Optimization Is Ready For Big Data: Part 2, Velocity
JeanFrancoisPuget 2700028FGP Visits (10520)
Proponents of Big Data boast about how it might help get personalized behavior from all the things and systems people interact with (web sites, mobile apps, customer support services, internet of things, etc) . These systems have to deal with data in motion such as web interaction, sensor feeds (eg body temperature), video, social media feeds, etc. Dealing with such data is the velocity dimension of Big Data. I have discussed how optimization could be applied to another big data dimension, namely large volume of data, in my previous post, and I will focus on velocity here.
Question of interest (to me at least) is whether current optimization technology can be relevant to making decisions in presence of data in motion? It means making decisions in almost real time, say within a second.
My answer is yes. It is yes despite the fact that many interesting and relevant optimization problems take more than a second to solve with current optimization technology. Let me explain why.
The first reason to be optimistic could be that there has been tremendous progress on the speed at which optimization solvers work. Problems that could take days if not weeks a decade ago can be solved in seconds. Is this speedup all we need to apply optimization in almost real time, say sub second time frame? Are we solving problems fast enough?
My take is that we are solving problems fast enough, but that's not what matters here. I explained why in Opti
They key issue is that making sub second decisions may lead to a myopic use of resources and therefore to major inefficiency.
Let's use an example for the sake of clarity. That example is a simplified view of what a customer of ours is doing. Assume we are running a taxi company (that was pre Uber world...) and that the decisions we need to make are to assign cars to incoming customer requests. We have two data streams: car positions, and customer requests. What most companies do is to assign the closest car each time a customer calls. Our company is smarter: it waits a bit before assigning cars, which leads to lower waiting time for customers, hence better service.
The one dimensional world example below shows the difference between the two approaches. Assume we have two idle cars waiting for customers, and that customers call in. Assigning closest car to each call is depicted in the left. Waiting a bit before assigning cars leads to a better way, depicted on the right.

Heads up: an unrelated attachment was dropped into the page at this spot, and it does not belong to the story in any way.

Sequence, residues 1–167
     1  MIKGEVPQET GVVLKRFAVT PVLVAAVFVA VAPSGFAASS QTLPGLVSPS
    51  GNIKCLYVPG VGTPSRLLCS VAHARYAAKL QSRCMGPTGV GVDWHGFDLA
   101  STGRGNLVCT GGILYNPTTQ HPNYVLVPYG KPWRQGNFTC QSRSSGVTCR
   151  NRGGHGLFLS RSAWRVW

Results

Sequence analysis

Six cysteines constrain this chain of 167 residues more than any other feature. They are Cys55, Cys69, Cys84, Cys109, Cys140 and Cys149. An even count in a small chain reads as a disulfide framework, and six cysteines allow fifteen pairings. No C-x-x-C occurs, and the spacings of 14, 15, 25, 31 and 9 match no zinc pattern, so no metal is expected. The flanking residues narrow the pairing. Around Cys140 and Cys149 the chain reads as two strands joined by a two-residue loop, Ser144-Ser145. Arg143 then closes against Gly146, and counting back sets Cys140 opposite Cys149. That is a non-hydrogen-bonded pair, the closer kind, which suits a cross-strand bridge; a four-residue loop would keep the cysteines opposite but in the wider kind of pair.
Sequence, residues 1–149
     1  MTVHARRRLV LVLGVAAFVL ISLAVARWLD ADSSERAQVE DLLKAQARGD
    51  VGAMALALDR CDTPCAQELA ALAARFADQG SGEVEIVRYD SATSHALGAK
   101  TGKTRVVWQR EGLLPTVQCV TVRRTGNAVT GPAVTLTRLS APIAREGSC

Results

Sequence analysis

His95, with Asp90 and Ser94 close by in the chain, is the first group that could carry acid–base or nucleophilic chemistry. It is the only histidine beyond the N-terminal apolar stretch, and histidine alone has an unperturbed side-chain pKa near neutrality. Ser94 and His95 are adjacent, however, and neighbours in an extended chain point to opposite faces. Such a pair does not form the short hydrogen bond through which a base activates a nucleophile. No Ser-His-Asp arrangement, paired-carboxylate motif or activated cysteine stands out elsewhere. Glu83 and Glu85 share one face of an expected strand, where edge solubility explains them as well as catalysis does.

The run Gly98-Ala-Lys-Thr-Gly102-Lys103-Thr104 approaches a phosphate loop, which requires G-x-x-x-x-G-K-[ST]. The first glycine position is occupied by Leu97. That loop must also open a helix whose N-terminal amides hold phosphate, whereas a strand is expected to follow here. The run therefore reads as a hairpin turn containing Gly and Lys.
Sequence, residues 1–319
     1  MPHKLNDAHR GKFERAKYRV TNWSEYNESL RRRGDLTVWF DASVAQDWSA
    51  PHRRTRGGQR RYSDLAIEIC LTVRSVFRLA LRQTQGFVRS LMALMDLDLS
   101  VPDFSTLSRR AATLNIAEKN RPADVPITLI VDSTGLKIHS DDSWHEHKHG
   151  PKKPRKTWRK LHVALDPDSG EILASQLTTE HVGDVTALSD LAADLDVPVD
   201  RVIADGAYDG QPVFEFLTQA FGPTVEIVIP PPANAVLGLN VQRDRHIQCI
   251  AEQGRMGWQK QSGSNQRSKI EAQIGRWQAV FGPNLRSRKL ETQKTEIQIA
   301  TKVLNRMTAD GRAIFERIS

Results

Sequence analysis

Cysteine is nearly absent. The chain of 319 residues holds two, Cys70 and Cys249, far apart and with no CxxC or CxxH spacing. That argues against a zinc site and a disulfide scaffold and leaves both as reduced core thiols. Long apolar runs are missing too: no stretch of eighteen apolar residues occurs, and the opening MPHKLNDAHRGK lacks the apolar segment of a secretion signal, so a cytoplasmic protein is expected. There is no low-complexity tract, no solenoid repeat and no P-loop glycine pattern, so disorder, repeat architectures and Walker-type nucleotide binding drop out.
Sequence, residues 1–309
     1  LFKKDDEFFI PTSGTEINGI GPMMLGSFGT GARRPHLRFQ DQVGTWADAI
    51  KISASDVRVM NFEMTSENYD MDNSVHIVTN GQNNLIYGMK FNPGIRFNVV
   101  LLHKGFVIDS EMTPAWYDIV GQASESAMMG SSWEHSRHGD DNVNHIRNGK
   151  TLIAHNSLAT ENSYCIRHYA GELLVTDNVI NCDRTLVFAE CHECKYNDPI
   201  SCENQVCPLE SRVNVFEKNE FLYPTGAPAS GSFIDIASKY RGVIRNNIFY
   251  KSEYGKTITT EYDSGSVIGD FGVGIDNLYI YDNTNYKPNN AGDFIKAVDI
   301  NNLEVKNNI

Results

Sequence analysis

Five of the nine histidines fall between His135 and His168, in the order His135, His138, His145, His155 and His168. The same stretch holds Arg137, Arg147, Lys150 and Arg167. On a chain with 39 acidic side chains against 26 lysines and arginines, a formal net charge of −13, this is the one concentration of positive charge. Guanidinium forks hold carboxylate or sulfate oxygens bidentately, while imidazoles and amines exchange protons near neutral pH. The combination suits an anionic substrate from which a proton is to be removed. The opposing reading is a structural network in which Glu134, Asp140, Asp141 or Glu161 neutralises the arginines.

The key point is that there is a fundamental contradiction between making real time decisions, which means one at a time, and making several decisions together, which results in an optimized use of resources. We should therefore wait before making decisions. Issue it is not always possible to wait before answering. For instance, replace taxis with ambulances. No one will understand that we wait until we have several accidents before sending vehicles. Does it mean that we should forget about optimization in that case, and use the myopic way of making decisions one at a time?
Not necessarily. One way to leverage optimization is to anticipate, i.e. preposition vehicles (taxis, ambulances) so that we minimize the expected travel time to where they are needed. Note that both police departments and fire departments have a similar problem: how could they position their vehicles and patrols so that the time to intervention is minimized?
My colleagues at IBM have worked on many projects around vehicle prepositioning, see for instance the video below.
In general, a two step process has been followed:
We can summarize the process graphically as follows.
The good news is that a simple rule of thumb such as "use the closest available car" gives good results once vehicles properly are prepositioned, The myopic effect we had in the taxi example above is gone.
This example shows that we can use optimization to pre assign resources, in order to make real time decisions more effective. Let us look at another way, which is to forecast beyond the next decision.
This example was discussed in
The process can be depicted graphically as follows.
This look quite similar to the previous picture, isn't it? The general pattern is a two step process
This is a rather flexible pattern that we have seen regularly. We can depict it as follows:
They key point is that we have been able to circumvent the contradiction between real time decision making, which favors making decisions one at a time, and optimization, that is relevant only when many decisions are made at the same time. One way to resolve that dilemma is use optimization to preassign resources so that a simple real time allocation such as use the closest car yields decent results. Another way is to forecast what will happen beyond the next decision, in order to make several decisions at once. In both cases, optimization makes real time decisions more effective.